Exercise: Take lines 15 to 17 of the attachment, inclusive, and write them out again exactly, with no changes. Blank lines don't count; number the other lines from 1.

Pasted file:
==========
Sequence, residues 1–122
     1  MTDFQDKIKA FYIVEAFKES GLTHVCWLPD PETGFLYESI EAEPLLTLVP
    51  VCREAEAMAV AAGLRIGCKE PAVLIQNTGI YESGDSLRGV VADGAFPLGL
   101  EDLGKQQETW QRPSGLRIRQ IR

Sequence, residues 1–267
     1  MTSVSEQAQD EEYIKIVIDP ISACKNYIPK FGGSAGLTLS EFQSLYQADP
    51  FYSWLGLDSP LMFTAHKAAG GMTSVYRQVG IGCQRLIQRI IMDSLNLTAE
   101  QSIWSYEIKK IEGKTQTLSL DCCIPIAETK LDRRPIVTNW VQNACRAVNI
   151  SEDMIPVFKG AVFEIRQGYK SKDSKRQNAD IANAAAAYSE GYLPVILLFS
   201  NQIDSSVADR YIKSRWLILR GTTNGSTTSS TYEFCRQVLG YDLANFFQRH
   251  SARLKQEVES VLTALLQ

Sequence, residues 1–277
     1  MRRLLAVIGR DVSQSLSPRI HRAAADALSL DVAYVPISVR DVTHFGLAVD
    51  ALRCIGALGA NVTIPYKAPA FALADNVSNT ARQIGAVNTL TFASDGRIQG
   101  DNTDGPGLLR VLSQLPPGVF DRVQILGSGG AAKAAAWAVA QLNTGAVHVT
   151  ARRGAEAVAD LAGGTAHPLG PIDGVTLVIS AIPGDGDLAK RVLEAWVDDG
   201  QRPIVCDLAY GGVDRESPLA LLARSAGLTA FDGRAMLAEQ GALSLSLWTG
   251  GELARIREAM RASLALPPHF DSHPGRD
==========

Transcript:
   101  DNTDGPGLLR VLSQLPPGVF DRVQILGSGG AAKAAAWAVA QLNTGAVHVT
   151  ARRGAEAVAD LAGGTAHPLG PIDGVTLVIS AIPGDGDLAK RVLEAWVDDG
   201  QRPIVCDLAY GGVDRESPLA LLARSAGLTA FDGRAMLAEQ GALSLSLWTG